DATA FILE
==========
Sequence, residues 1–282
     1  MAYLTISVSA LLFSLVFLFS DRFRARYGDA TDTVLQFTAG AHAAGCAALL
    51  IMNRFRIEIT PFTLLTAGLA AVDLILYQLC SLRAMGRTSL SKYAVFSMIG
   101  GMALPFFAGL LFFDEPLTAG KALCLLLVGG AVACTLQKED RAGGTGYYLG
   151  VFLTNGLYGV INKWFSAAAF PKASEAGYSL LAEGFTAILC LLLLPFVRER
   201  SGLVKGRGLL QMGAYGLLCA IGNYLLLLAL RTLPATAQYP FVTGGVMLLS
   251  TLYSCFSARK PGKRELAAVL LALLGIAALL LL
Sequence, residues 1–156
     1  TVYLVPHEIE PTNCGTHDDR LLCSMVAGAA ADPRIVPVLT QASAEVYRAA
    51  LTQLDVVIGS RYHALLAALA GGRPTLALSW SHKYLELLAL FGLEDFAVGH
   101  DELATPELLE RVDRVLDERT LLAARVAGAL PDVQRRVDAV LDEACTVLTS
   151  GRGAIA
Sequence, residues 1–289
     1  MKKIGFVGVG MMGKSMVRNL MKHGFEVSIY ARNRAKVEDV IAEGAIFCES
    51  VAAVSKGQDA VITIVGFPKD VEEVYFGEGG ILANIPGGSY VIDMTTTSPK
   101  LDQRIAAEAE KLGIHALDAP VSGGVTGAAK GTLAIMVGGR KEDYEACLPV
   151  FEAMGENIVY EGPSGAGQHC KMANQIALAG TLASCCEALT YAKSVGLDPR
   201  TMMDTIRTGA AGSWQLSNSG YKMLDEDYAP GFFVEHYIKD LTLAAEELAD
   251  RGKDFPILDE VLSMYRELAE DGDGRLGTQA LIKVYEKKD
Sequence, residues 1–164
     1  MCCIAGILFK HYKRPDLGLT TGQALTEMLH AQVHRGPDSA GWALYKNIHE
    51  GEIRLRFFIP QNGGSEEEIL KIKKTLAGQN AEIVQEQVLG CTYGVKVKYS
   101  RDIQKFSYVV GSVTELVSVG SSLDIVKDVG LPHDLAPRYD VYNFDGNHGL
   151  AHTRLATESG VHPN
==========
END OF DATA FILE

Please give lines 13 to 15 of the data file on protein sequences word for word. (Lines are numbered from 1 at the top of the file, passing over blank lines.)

Sequence, residues 1–289
     1  MKKIGFVGVG MMGKSMVRNL MKHGFEVSIY ARNRAKVEDV IAEGAIFCES
    51  VAAVSKGQDA VITIVGFPKD VEEVYFGEGG ILANIPGGSY VIDMTTTSPK